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Harry Potter's U.S. Publisher Sued For Alleged Copyright Infringement

NEW YORK - The trustee of the estate of the late English author Adrian Jacobs on July 13 filed a lawsuit in the U.S. District Court for the Southern District of New York against Harry Potter's U.S. publisher, Scholastic Inc., for alleged infringement of copyright in the series by J.K. Rowling (Allen v. Scholastic Inc., No. 1:10cv5335, S.D. N.Y.).

The estate claims that Rowling copied a substantial part of Jacobs' 1987 book "The Adventures of Willy The Wizard No. 1 Livid Land" into her book "Harry Potter and The Goblet of Fire" published 13 years later by Scholastic.

Both books tell the tale of a wizard who discovers his true nature while a boy. Later, he partakes in an international wizards contest. In each book, the wizard can only discover his central task in a special bathroom: to rescue artificially held hostages, from half-human creatures, acting as contest agents, to earn points and win the contest.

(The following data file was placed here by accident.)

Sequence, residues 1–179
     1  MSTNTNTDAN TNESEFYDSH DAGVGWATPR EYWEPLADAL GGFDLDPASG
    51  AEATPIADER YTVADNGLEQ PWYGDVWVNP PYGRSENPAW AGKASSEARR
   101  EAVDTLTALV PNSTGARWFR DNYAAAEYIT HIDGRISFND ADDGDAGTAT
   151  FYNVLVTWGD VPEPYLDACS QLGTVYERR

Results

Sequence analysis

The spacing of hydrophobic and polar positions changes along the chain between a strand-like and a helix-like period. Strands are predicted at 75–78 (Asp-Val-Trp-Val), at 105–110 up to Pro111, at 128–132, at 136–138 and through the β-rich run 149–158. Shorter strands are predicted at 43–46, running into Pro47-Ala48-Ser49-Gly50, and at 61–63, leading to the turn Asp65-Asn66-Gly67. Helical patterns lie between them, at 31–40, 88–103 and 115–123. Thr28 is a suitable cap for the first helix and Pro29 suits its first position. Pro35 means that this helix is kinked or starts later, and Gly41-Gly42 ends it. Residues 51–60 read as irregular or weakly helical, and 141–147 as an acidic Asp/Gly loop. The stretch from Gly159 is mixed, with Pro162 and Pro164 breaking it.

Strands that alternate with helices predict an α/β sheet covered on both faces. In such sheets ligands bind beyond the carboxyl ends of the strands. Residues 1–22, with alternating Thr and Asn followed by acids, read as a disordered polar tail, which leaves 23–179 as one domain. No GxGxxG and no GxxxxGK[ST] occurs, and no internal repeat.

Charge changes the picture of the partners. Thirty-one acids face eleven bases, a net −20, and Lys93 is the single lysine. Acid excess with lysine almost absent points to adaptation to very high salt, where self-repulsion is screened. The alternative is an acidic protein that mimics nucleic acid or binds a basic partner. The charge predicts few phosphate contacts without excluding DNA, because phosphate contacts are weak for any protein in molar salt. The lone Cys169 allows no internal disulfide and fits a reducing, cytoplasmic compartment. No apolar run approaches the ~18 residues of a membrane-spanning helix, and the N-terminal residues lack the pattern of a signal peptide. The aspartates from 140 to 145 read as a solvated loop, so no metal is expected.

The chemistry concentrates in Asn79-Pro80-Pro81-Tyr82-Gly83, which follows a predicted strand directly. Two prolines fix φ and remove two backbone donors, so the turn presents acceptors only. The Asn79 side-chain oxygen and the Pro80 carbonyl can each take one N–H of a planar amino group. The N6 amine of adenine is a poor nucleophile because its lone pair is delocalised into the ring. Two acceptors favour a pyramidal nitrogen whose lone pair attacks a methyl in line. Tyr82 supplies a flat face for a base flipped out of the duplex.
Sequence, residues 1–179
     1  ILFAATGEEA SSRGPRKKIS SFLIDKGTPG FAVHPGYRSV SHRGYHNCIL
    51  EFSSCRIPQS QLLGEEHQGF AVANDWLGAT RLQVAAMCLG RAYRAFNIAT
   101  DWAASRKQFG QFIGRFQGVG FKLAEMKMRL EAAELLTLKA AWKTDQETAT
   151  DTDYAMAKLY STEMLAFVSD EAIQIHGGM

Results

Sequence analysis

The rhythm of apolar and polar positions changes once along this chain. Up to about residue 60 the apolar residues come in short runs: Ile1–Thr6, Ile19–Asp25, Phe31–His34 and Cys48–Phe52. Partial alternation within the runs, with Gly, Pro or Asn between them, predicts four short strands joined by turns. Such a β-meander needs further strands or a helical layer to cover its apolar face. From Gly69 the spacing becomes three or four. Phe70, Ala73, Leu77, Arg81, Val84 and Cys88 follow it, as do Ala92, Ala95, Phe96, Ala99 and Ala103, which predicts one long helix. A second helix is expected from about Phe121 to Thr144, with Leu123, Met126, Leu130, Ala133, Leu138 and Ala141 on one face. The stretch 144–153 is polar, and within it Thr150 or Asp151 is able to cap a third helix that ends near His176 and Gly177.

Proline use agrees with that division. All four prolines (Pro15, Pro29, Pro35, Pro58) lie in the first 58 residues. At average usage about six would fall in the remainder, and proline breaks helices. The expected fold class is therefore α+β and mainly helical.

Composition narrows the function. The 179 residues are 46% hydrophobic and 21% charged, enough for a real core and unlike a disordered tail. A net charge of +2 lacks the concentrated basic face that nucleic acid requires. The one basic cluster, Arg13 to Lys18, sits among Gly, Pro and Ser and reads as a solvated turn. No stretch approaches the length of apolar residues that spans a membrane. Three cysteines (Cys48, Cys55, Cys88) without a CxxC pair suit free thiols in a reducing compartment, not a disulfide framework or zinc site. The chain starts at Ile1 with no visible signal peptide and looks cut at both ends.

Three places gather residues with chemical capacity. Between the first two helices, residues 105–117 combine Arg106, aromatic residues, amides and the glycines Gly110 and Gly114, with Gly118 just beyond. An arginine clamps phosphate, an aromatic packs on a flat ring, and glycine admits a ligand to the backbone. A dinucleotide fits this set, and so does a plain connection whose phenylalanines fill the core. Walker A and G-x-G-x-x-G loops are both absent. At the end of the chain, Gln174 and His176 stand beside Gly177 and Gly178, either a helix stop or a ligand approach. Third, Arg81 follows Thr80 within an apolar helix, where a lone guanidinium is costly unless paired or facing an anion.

In "Willy The Wizard," Jacobs created a fantasy world intertwined with the real world in which there are wizard schools, wizard brewing villages, wizard chess, wizard trains, wizard hospitals, wizard travel by magic powder, elves as wizard helpers, international gatherings of wizards, etc. All of these Jacobs concepts are echoed in "Harry Potter," the estate alleges.

The estate maintains that Jacobs' agent was Christopher Little, the same literary agent who years later "discovered" J.K. Rowling. Little now oversees the "Harry Potter" brand worldwide.

Last February, J.K. Rowling was joined to the estate's ongoing High Court of England action against publishers Bloomsbury Plc.

The estate is represented by Thomas R Kline and Joseph Anthony Patella of Andrews Kurth LLP in New York and Michele Pat Schwartz of Stroock & Stroock & Lavann in New York.

Download the complaint.